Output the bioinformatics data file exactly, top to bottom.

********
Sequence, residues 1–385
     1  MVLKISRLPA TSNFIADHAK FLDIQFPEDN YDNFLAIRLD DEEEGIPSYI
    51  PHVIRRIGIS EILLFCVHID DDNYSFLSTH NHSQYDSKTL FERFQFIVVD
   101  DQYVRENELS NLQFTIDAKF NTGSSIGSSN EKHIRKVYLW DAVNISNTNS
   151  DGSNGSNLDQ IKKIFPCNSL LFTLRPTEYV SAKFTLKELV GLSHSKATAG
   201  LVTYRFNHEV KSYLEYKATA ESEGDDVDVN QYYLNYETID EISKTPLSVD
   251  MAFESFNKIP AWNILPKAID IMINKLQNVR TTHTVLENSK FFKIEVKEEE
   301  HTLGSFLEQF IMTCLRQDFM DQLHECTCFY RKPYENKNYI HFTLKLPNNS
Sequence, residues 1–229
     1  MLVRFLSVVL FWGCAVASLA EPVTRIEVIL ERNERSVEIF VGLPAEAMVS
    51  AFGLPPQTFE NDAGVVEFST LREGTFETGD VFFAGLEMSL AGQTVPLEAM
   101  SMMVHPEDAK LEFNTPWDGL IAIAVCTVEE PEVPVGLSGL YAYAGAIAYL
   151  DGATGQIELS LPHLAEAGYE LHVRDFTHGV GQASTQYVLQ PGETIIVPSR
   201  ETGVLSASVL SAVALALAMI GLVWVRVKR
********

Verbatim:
Sequence, residues 1–385
     1  MVLKISRLPA TSNFIADHAK FLDIQFPEDN YDNFLAIRLD DEEEGIPSYI
    51  PHVIRRIGIS EILLFCVHID DDNYSFLSTH NHSQYDSKTL FERFQFIVVD
   101  DQYVRENELS NLQFTIDAKF NTGSSIGSSN EKHIRKVYLW DAVNISNTNS
   151  DGSNGSNLDQ IKKIFPCNSL LFTLRPTEYV SAKFTLKELV GLSHSKATAG
   201  LVTYRFNHEV KSYLEYKATA ESEGDDVDVN QYYLNYETID EISKTPLSVD
   251  MAFESFNKIP AWNILPKAID IMINKLQNVR TTHTVLENSK FFKIEVKEEE
   301  HTLGSFLEQF IMTCLRQDFM DQLHECTCFY RKPYENKNYI HFTLKLPNNS
Sequence, residues 1–229
     1  MLVRFLSVVL FWGCAVASLA EPVTRIEVIL ERNERSVEIF VGLPAEAMVS
    51  AFGLPPQTFE NDAGVVEFST LREGTFETGD VFFAGLEMSL AGQTVPLEAM
   101  SMMVHPEDAK LEFNTPWDGL IAIAVCTVEE PEVPVGLSGL YAYAGAIAYL
   151  DGATGQIELS LPHLAEAGYE LHVRDFTHGV GQASTQYVLQ PGETIIVPSR
   201  ETGVLSASVL SAVALALAMI GLVWVRVKR